Arduino Uno Sinusoidal PWM

Can this be done with the Uno?
I am trying to generate a 60HZ sinusoidal PWM signal to control an H bridge to convert a DC power source to an AC source by turning on/off and the output would resemble a sine wave after some filtering.

Yes.
In many cases a table is used, with direct programming of the timer registers.
The 60Hz is slow, so it should not be very hard. There must examples for that.

This is an example of using a table and a timer:
http://interface.khm.de/index.php/lab/experiments/arduino-dds-sinewave-generator/

lets say i did a PWM at 20kHZ. Do you think that would be a bit much for the board to handle?

A h-bridge is an on/off device (look up the circuit!) so applying a sine wave makes no sense at all. PWM work a the duty cycle the ration of on/high to low/off.

Under no circumstances will turning on off a the transistors of a h-bridge get you AC as the voltage will never go -ve and on/off is a square wave not a sine wave.

Mark

If I direct you to research "magic sinewaves", I vouch that will keep you busy for a while.

A h-bridge is an on/off device (look up the circuit!) so applying a sine wave makes no sense at all. PWM work a the duty cycle the ration of on/high to low/off.

Under no circumstances will turning on off a the transistors of a h-bridge get you AC as the voltage will never go -ve and on/off is a square wave not a sine wave.

Mark

HI, if you modulate the PWM of the output of the arduino in a sinusoidal way, either by table or timer as suggested, feed that to the H-Bridge and filter AFTER the H-Bridge you should get a good sinewave representation.

This is how Variable Speed AC drives work.

Tomâ€¦

TomGeorge:

A h-bridge is an on/off device (look up the circuit!) so applying a sine wave makes no sense at all. PWM work a the duty cycle the ration of on/high to low/off.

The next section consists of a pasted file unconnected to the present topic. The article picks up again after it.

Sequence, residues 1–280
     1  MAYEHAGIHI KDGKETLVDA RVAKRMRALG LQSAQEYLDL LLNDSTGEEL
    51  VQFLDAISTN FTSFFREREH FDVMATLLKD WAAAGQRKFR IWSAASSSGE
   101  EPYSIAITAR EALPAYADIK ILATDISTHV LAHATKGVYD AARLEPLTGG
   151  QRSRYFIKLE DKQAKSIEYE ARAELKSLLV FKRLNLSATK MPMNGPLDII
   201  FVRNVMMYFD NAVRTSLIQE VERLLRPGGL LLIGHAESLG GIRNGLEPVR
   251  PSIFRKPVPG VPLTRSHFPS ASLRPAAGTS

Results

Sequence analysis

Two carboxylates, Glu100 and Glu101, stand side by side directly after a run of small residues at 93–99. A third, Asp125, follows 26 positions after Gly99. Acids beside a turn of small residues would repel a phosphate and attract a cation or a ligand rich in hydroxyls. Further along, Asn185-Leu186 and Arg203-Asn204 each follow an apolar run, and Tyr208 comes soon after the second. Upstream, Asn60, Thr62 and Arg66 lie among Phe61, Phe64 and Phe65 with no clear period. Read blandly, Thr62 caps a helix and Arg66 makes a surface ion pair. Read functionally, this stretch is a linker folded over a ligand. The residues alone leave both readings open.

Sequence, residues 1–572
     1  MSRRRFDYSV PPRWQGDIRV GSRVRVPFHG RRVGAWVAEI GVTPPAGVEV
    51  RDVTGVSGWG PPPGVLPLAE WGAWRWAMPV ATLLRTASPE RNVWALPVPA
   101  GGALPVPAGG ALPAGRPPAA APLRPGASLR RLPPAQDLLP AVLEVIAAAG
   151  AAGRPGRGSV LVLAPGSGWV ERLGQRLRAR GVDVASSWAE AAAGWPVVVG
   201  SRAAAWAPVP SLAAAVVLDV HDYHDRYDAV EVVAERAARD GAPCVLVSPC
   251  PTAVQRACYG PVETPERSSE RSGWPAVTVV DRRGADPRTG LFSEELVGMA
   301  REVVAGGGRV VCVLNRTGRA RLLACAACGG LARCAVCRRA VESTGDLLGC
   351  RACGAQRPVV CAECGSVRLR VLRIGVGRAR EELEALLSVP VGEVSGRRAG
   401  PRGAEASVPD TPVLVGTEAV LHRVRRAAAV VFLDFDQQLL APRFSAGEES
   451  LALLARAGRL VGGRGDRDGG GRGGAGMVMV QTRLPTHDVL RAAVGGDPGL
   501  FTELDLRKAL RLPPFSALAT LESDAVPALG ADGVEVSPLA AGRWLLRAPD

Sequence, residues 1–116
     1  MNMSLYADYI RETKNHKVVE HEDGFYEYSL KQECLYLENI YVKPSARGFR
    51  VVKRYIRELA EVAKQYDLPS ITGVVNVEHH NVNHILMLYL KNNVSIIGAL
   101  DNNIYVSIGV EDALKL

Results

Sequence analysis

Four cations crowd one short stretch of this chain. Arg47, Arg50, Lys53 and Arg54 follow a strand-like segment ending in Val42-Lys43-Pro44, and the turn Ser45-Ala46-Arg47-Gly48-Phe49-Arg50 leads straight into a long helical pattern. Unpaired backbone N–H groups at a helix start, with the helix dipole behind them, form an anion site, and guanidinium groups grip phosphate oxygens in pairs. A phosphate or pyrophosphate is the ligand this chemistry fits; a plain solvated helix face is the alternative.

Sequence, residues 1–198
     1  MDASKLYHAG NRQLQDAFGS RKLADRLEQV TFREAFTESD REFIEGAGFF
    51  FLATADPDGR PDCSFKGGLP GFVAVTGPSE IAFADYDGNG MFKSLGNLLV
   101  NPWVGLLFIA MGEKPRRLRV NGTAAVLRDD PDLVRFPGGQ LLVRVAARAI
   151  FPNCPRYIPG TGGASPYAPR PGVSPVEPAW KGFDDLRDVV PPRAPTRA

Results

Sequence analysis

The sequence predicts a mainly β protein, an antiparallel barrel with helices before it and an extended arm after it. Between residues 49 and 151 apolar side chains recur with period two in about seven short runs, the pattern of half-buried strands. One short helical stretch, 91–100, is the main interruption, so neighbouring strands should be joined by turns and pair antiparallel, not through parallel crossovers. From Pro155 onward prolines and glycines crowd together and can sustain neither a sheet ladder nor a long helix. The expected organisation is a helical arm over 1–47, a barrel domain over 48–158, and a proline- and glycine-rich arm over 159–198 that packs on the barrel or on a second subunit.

Under no circumstances will turning on off a the transistors of a h-bridge get you AC as the voltage will never go -ve and on/off is a square wave not a sine wave.

Mark

HI, if you modulate the PWM of the output of the arduino in a sinusoidal way, either by table or timer as suggested, feed that to the H-Bridge and filter AFTER the H-Bridge you should get a good sinewave representation.

This is how Variable Speed AC drives work.

Tom....

Exactly. I am not feeding the H bridge with a constant sinusoidal wave. I'm using a PWM modified sine wave that it basically a sinusoidal signal through PWM by going ON/OFF for varying duty cycles. This will let my constant DC source convert to an AC output once with the PWM sinusoid controlling the mosfets to open/close. That alone wont give me a "perfect" sine wave but after putting it through a filter it'll be pretty close

I needed a sine wave as a speed control input to a GM Power Control Module. In considering various ways such as resistor networks, etc., I found using an analog AD9833 to be the simplest for me, although overkill. The biggest problem with the project was that the AD9833 is only available with VERY close pins on a surface mount configuration. I have code and schematics that work for me if you need them.

druber:
I needed a sine wave as a speed control input to a GM Power Control Module. In considering various ways such as resistor networks, etc., I found using an analog AD9833 to be the simplest for me, although overkill. The biggest problem with the project was that the AD9833 is only available with VERY close pins on a surface mount configuration. I have code and schematics that work for me if you need them.

i work with the same projet can you send me the code and schematics and thanks